Although the majority of cases in this area have been determined by the ASB rather than the courts, Pattison says courts are unlikely to approve of businesses that want to “take advantage of technology [by using social media] without exercising responsibility”. ”The courts would take the view there is a commercial benefit for your company and having taken that advantage it is then not up to you to say ‘It is all too hard to police what is going on’,” he said.
There is going to be some relief for small business with Alina Bain, the director of codes policy and regulatory affairs at the AANA, revealing the association is working on guidance along the lines of that issued recently by New Zealand’s Advertising Standards Authority.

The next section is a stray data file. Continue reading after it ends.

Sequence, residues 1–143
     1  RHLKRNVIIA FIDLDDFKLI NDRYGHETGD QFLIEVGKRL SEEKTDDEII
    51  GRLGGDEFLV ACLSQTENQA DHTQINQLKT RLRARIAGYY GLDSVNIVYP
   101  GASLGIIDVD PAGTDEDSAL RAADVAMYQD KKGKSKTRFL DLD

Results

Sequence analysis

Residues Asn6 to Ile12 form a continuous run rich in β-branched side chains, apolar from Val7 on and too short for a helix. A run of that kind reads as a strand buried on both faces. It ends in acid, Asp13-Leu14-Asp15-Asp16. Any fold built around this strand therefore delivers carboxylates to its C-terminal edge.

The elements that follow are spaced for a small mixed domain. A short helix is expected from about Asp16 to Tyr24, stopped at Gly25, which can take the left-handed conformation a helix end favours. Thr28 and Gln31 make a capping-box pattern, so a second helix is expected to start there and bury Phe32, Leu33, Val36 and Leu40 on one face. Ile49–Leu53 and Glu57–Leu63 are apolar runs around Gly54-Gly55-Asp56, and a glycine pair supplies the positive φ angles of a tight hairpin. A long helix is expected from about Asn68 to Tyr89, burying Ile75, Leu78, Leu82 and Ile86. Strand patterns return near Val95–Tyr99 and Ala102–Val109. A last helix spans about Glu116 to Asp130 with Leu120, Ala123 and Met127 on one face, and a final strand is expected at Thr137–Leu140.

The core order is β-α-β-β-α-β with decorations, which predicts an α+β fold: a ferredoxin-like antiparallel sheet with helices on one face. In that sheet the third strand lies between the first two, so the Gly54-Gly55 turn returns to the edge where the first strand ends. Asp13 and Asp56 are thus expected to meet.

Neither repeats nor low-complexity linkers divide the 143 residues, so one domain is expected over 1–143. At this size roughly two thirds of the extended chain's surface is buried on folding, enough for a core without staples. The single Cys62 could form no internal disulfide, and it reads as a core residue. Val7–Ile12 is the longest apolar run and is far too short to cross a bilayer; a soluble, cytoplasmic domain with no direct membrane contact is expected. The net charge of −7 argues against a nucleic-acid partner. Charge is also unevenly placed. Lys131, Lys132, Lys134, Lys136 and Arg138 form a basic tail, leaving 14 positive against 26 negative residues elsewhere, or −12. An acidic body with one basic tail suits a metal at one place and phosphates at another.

“It’s an internal matter for the AANA, there are a couple of things we are looking at which are collective thinking from our members as to how to approach the social media space and we are collating that in terms of how often you should monitor social media and particular activity which will get you to monitor more carefully,” Bain said. “Because it is such an evolving space it is not possible to think of each and every scenario.”
Jolly says the work by the AANA in conjunction with its members means there is likely to be “less controversy” from large advertisers in relation to the use of social media and there is likely to be more guidance available soon on behaviour on social media for advertisers. She says the ASB will work with the AANA on the guidance if needed and expects the guidelines to be released before Christmas.